Chinese businesspeople are successful, they want the whole world to
know about it, preferably over a large glass of Johnnie Walker.

So claims Diageo, the UK-listed drinks giant, in an interesting Financial Times article ($) on branding strategies.

China is one of the world's fastest growing whisky markets and
exports to China rose from £1.5m in 2001 to £46m last year. There is a
lot to play for and as China is a far from homogeneous market, Diageo
developed a China strategy for Johnnie Walker whisky two years ago.

As well as the traditional market of aspirational high earners,
Diageo discovered that whisky was being drunk by a much more varied
group of Chinese consumers as the once-high import tariffs had been cut
following China's accession to the WTO.

Diageo also found that Chinese consumers drink whisky in different
ways and in a more diverse range of venues than western consumers. They
even mix it with iced green tea — a sacrilege for whisky purists who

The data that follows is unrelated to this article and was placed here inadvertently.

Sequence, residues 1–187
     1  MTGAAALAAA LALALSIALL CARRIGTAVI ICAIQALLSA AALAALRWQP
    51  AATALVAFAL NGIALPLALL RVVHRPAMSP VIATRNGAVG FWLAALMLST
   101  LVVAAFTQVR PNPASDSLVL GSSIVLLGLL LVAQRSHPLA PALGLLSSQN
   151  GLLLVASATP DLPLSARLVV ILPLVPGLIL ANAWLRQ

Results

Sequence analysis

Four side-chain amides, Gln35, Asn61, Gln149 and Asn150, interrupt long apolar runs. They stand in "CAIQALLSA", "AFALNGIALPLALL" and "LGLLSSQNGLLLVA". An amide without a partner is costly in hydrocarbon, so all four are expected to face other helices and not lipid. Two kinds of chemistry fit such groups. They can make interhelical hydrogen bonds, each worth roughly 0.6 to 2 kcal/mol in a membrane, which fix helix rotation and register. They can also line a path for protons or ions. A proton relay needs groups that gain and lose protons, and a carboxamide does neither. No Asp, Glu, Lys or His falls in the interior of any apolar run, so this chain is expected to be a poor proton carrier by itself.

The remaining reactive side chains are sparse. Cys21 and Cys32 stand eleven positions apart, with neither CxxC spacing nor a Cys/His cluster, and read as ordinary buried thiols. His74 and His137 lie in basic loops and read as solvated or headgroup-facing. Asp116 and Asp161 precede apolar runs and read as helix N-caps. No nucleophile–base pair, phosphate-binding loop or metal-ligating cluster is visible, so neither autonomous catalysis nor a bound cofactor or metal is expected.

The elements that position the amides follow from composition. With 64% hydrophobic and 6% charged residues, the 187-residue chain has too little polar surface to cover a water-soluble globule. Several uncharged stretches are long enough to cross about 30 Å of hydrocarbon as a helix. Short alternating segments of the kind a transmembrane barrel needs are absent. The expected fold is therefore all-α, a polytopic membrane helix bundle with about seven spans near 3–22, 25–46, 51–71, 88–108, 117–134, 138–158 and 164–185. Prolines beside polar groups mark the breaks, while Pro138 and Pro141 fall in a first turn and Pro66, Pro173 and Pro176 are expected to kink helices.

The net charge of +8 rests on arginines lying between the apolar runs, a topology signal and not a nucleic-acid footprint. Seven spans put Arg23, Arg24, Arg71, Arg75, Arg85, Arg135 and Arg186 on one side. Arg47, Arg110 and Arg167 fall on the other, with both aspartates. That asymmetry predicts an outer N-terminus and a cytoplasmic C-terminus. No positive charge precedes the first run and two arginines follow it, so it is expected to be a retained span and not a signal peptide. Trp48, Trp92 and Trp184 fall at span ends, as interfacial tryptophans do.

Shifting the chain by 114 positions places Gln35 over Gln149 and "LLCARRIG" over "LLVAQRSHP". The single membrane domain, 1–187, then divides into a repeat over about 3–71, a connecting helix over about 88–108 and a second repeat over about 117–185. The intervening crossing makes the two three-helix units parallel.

do not even allow an ice-cube to distract from the pure taste of a good
glass of scotch.

Diageo splits the Chinese market into four consumer groups. The
first and most important are “guanxi men” — status-driven middle-aged
businessmen for whom business entertaining plays a big role in their
lives. The second group is made up of strong independent women, the
third of young, upwardly mobiles, and the fourth group of
twentysomethings who are eager to explore something new.

The results of all this research have helped tailor local
advertising for Johnnie Walker, which is designed to reinforce the idea
that Chinese consumers are much more success-driven — and not shy
about showing it.

Despite the big investment in marketing and advertising, Johnnie
Walker lags Chivas Regal, owned by rival Pernod Ricard, in China's
whisky market.

($) subscription required

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